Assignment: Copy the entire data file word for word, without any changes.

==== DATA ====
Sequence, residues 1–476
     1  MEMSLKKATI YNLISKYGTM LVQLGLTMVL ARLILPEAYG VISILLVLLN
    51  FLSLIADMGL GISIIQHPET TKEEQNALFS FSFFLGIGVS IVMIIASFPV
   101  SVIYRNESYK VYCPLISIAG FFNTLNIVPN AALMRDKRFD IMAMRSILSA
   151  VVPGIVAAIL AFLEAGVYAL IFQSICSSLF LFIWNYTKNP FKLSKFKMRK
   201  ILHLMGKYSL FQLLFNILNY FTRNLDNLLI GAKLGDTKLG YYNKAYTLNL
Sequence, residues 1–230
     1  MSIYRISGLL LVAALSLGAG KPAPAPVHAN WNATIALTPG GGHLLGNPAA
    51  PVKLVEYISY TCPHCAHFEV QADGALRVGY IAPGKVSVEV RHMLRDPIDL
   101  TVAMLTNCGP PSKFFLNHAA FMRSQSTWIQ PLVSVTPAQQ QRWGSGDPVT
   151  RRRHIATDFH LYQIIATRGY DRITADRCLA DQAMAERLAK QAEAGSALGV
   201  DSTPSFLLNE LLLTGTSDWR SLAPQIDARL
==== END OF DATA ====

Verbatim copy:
Sequence, residues 1–476
     1  MEMSLKKATI YNLISKYGTM LVQLGLTMVL ARLILPEAYG VISILLVLLN
    51  FLSLIADMGL GISIIQHPET TKEEQNALFS FSFFLGIGVS IVMIIASFPV
   101  SVIYRNESYK VYCPLISIAG FFNTLNIVPN AALMRDKRFD IMAMRSILSA
   151  VVPGIVAAIL AFLEAGVYAL IFQSICSSLF LFIWNYTKNP FKLSKFKMRK
   201  ILHLMGKYSL FQLLFNILNY FTRNLDNLLI GAKLGDTKLG YYNKAYTLNL
Sequence, residues 1–230
     1  MSIYRISGLL LVAALSLGAG KPAPAPVHAN WNATIALTPG GGHLLGNPAA
    51  PVKLVEYISY TCPHCAHFEV QADGALRVGY IAPGKVSVEV RHMLRDPIDL
   101  TVAMLTNCGP PSKFFLNHAA FMRSQSTWIQ PLVSVTPAQQ QRWGSGDPVT
   151  RRRHIATDFH LYQIIATRGY DRITADRCLA DQAMAERLAK QAEAGSALGV
   201  DSTPSFLLNE LLLTGTSDWR SLAPQIDARL